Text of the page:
I had already observed that, as soon as something of even minor significance occurred at The Radio Authority, the bride-to-be would unhook her mobile phone from its charger and march to the ladies’ loo where she might remain a good while. Maybe she just suffered a weak bladder exacerbated by radio industry events. Whatever, by dint of a mysteriously indirect route, such news would magically appear within the pages of the next ‘Radio Magazine’, a weekly publication brimming with insider gossip that naturally was rabidly consumed by The Radio Authority’s staff.

Normally I would have remained coldly detached from such workplace intrigue but, this time, my life was impacted by the whiff of in-house espionage. Bob Tyler, a good friend for as many decades as I have attended radio conferences, was then news editor of the Radio Magazine and had a habit of phoning The Radio Authority switchboard and asking to be put through to me for an innocent chat. Having signed some kind of Official Secrets Act on my first day of work, I told him absolutely nothing confidential. However, his calls may have sowed seeds of doubt with my boss, David Vick, who one day discovered me alone in his office after I had entered to retrieve a document I had mistakenly left on his desk minutes beforehand. As the only employee with hundreds of published articles about the radio industry to my name, the fickle finger of fate appeared to point directly at me and, without explanation, Vick started to lock his office door when he was absent. Subsequently, I was the sole employee not to be awarded a Christmas bonus and my annual review was unremittingly negative.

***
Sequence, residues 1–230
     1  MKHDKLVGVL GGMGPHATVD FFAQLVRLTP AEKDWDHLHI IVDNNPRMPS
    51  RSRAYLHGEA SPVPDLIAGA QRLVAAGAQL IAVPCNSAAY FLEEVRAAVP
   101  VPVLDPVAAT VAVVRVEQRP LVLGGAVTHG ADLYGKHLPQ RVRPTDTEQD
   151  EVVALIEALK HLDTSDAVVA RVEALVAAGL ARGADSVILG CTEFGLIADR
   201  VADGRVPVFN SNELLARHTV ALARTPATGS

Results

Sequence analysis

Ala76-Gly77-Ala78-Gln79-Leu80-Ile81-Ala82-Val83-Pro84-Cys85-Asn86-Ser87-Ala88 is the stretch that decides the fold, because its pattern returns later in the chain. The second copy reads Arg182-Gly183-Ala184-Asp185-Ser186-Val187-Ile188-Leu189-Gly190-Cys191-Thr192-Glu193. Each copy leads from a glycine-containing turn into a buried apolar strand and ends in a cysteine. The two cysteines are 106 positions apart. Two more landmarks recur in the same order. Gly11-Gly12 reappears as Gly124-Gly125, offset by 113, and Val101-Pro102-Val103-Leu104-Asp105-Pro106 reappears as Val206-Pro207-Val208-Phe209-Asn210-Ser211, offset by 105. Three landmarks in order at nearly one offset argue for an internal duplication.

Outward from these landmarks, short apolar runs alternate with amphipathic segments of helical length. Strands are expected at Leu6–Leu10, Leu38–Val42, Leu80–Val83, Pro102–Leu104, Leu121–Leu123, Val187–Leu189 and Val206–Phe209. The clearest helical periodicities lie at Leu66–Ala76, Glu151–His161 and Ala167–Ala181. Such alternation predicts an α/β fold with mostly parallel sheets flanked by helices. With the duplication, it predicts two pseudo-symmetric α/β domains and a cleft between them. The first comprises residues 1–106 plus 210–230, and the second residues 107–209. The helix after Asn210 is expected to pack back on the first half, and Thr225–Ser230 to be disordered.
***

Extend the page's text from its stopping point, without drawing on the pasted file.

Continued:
“My father worked as a spy for the Dutch government,” the bride-to-be would tell the rest of us in the office, as if addressing an interviewer for a place at Oxbridge. I wondered to myself whether such an occupation passed as a ‘family business’ amongst her peers. Could her employment with The Radio Authority be merely an undercover mission in a quiet backwater for an MI5 agent? Suspicions were further aroused when our boss David Vick insisted he vet and approve each of her wedding guests, the list apparently resembling a who’s-who of everyone who presently worked in the British commercial radio industry. Not that I ever saw it. 

As the Big Day approached, it became apparent that all who worked in our office had received an invitation … except me. In fact, everybody in our department had been invited … except me. Indeed, I suspect that just about everyone employed by The Radio Authority had been invited … except me. Not that Eva Koekelbergh ever told me to my face that I would not receive an invitation to her big fat Wessex wedding. My desk was only six feet away from hers so the ‘oh dear, it must have been lost in the post’ excuse would have been wholly redundant. I had endured almost a year of aural torture, forced to listen to every minor detail concerning the biggest day of her life being phoned through to dozens of contractors and then chased up relentlessly from her desk, yet now I was being treated as if I might deliver a homemade bomb as my gift-wrapped present.